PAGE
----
New Year, New Hope
Now I’m not one for New Year’s Resolutions. I know myself well enough to know that it’ll take more than a changing date to motivate me to change. But I do inhabit a Hope Bubble in the liminal period between Christmas Eve and Epiphany (January 6th). It actually starts building in early December, but grows proportionally as the calendar year winds down.
I describe it as a psychological shedding of all the past year’s painful, horrible, miserableness. I mentally pack it all up in a box titled 2023 and for a few brief moments, live in the glorious suspended belief that things can start afresh.
Many others inhabit this Hope Bubble. We go around wishing each other a wonderful New Year fervent is the belief that if we say it enough, it just might manifest that way. Nothing bad has happened in the new year… yet. The future can hold every good thing. And good things carry far more weight than bad in an unwritten future.
I choose to prolong life in this Hope Bubble by avoiding negativity for as long as possible. I read books that make me think, ‘This year, the world can change for the better’. People can be kind and patient and respectful to each other like in the New York Times’ columnist David Brooks’ How to Know a Person: The Art of Seeing Others Deeply and Being Deeply Seen.
Or I look for inspirational women’s stories like those in award-winning quantum physicist Dr Shohini Ghose’s Her Space, Her Time: How Trailblazing Women Scientists Decoded the Hidden Universe. She spotlights women scientists who should be household names like South-East Asian Bibha Chowdhuri, who discovered the neutrino, and Cherokee aerospace scientist Mary Golda Ross, who’s calculations helped make the USA’s Moon landings possible.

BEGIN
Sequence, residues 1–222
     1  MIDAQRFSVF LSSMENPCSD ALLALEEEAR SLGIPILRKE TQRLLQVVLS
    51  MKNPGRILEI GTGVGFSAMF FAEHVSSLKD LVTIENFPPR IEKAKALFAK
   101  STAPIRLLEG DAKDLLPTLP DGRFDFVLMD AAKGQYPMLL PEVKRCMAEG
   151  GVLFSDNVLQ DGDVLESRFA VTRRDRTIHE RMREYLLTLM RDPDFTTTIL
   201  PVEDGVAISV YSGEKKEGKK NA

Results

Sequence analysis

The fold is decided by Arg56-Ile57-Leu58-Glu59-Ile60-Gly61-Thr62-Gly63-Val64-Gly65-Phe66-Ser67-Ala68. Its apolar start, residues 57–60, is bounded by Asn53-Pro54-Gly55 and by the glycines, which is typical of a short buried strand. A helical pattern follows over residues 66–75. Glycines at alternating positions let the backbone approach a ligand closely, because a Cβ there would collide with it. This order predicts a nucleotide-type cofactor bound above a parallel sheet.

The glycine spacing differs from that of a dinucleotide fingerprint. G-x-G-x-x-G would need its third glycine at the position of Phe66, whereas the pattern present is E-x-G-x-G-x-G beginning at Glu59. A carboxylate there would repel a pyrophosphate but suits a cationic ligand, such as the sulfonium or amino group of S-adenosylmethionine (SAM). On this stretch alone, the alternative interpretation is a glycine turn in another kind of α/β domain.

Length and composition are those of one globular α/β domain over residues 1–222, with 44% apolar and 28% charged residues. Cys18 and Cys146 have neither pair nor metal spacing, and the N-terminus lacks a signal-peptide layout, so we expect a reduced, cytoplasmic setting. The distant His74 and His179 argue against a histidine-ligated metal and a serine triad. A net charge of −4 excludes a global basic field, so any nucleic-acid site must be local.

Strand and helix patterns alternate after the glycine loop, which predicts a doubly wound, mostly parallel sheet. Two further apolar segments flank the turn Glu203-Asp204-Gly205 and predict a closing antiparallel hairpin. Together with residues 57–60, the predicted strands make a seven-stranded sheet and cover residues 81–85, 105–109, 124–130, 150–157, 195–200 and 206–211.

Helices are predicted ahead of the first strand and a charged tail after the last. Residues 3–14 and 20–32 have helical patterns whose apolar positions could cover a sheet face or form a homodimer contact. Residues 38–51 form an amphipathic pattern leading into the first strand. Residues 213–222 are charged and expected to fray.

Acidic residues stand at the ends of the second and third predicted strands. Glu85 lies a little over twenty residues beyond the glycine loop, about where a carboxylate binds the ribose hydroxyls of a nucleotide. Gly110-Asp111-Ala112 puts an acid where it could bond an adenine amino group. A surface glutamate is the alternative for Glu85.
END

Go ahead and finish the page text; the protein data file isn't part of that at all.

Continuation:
And I always think of Jane Fonda’s advice in What Can I Do? about being the change by donating time to an organisation for a cause you believe in. This goes hand-in-hand with the benefits of being community-minded that Marta Zaraska found in Growing Young. By helping someone else in whatever way I uniquely can – especially in these financially strapped and emotionally wrought times – it helps me maintain the hope for a better year this time around.
Maybe I’ll join the thousands of people (worldwide) in the largest-ever citizen science project on Joy. Created by UC Berkeley’s Greater Good in Action initiative, I would need to take a mere 7 minutes a day – for a week – to perform micro-acts of joy and see which ones work best for me. My feedback would then inform research for, umm… the greater good.
I’m planning for exhibitions and events that are uplifting, funny or have a positive message. Like feel-good football play, Dear England, starring Joseph Fiennes and Dervla Kirwan (Alyson loved it!). I am hoping to catch it in cinemas on January 25th with National Theatre Live, the same day that Somerset House’s CUTE: An Exhibition Exploring the Irresistible Rise of Cuteness opens. Not because I love twee things, but because I see the worldwide trend to ‘cute-ify’ as a counterpoint to the current ugliness in the world.
I don’t know if my Hope Bubble will last to the end of the month, and yet I love how I feel at the precipice of a new year. After all, I know the universe has a habit of laughing at such plans, but at least I’m starting the year off on a high.
Alexia Economou is a design and culture journalist, and regular TNMA contributor @thedesignfeedTW